If you own the Freehold to your home, it means that you own the building and the land it sits on.
If your property is Leasehold, you have bought the exclusive right to live in the property and the use of the communal areas until your lease expires.
Leases are usually long term – often 90+ years, however some developers have sold homes with leases as high as 999 years.
The Lease sets out what you have bought, what is exclusively yours and what is shared; what services the landlord must deliver and what you must pay. The wording of leases can vary from property to property and you will always need to refer to the specific wording of your own lease which details what you have agreed.
Your Estate Agent should pass on all material information in respect of the lease. This would include, but is not limited to:
• The number of years remaining on the lease
• Ground rent costs and when it is payable, together with details of if or how this will increase over time
• The annual service charge costs and when it is payable
• Details of any event-related fees and charges payable under the lease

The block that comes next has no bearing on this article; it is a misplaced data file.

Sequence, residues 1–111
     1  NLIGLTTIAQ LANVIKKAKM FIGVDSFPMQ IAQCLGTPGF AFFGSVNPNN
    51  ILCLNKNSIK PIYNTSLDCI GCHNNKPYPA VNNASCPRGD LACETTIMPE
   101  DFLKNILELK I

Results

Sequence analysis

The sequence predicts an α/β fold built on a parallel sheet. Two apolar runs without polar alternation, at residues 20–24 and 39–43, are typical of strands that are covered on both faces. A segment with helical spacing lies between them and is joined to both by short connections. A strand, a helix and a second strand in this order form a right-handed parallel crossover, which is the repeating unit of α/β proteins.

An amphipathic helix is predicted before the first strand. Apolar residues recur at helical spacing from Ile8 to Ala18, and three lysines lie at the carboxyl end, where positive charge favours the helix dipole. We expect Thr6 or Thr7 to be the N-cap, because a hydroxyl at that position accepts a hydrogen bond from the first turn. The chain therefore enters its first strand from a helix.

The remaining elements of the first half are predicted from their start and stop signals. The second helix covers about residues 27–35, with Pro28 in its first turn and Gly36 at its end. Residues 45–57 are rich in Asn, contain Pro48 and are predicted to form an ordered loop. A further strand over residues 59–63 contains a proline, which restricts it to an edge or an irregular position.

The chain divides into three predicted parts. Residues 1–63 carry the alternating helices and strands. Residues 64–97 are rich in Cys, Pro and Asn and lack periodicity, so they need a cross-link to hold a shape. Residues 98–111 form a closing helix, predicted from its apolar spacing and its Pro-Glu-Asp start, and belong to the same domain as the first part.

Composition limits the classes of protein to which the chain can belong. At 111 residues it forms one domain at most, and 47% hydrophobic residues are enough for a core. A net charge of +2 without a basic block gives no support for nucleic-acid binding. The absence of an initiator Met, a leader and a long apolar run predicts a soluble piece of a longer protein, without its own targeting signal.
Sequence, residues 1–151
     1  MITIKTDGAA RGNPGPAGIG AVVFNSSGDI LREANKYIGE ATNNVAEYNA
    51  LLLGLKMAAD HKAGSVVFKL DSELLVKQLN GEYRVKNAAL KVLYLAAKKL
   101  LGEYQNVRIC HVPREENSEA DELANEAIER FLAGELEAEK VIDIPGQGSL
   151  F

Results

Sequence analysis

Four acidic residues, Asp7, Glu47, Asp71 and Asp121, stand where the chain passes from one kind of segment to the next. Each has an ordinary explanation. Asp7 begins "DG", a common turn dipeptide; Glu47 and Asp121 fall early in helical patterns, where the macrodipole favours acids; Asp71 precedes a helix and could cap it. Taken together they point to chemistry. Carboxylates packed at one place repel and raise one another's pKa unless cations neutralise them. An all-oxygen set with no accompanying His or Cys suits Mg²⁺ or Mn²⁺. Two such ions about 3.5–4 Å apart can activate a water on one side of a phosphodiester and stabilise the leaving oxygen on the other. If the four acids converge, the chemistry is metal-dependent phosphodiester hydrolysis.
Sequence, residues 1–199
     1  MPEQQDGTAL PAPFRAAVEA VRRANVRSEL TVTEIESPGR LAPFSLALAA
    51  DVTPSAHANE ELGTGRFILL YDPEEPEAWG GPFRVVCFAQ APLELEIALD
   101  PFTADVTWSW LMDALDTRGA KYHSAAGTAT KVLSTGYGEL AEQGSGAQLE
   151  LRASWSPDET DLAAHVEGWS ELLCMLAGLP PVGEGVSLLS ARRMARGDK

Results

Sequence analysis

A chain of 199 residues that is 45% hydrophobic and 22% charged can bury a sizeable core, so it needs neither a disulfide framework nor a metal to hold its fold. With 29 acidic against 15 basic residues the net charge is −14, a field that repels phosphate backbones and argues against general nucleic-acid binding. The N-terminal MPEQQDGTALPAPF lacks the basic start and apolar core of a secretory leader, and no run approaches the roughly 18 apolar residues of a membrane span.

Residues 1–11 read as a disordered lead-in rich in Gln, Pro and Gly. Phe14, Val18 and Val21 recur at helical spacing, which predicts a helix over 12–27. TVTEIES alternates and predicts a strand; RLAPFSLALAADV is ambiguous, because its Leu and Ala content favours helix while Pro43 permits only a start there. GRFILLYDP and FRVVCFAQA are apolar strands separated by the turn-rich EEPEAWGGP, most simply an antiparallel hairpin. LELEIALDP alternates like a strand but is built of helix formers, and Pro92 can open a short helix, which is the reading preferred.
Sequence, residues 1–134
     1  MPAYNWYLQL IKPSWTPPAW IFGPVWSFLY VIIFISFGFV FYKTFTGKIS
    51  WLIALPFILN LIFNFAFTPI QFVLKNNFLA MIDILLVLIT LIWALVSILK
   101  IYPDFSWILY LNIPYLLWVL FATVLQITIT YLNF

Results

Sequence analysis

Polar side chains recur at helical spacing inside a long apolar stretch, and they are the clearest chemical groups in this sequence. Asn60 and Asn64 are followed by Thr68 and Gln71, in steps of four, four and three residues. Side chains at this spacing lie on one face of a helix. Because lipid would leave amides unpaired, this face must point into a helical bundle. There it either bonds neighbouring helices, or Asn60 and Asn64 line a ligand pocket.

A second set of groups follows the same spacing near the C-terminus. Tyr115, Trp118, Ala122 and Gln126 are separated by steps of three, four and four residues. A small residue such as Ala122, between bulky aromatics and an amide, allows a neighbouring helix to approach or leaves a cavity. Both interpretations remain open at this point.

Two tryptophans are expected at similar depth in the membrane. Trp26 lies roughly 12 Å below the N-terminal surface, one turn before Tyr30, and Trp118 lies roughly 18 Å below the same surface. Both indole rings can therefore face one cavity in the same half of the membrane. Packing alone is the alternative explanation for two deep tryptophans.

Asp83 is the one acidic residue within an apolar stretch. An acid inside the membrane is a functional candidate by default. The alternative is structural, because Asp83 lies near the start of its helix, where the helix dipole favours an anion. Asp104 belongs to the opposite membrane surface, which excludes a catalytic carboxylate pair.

• Rent payable in the case of a shared ownership arrangement
• Details of any unusual restrictions or covenants affecting the use and enjoyment of the property
Important: Estate Agents are not Solicitors - if you are concerned about any aspect of your contract or your lease, speak to an impartial Solicitor.
A service charge is a fee that is payable by all residents and which contributes towards the up-keep of the building. This could include general maintenance, upkeep of outdoor spaces and cleaning of communal areas. Generally, the fee payable is fixed, however this may change year on year.
Make sure you ask your conveyancer or solicitor to explain all charges fully and enquire as to whether the lease administrator has any plans for works which you will be responsible for paying.
Developers have been known to sell the Freeholds of entire developments to third party companies who then charge escalated fees to the homeowner when they come to purchase the freehold. Spiralling fees and onerous clauses have led to some building societies and banks refusing mortgages on leasehold properties - this can make them difficult to sell. Your Solicitor should check and advise you of any onerous clauses.
Some leases have clauses which obstruct your use of the property and some restrictions are not always obvious. Read your lease VERY carefully and if you are unsure of anything, speak to your solicitor immediately. Make sure you have an understanding of what you are entering into, how much you will be expected to pay on an annual basis and if any increases are due.
Here's a useful link for more information - https://www.gov.uk/leasehold-property
Are you selling your property? Whether Freehold or Leasehold, Callaways offer FREE MARKETING APPRAISALS. Contact us today on 01273 735237 or email email@example.com
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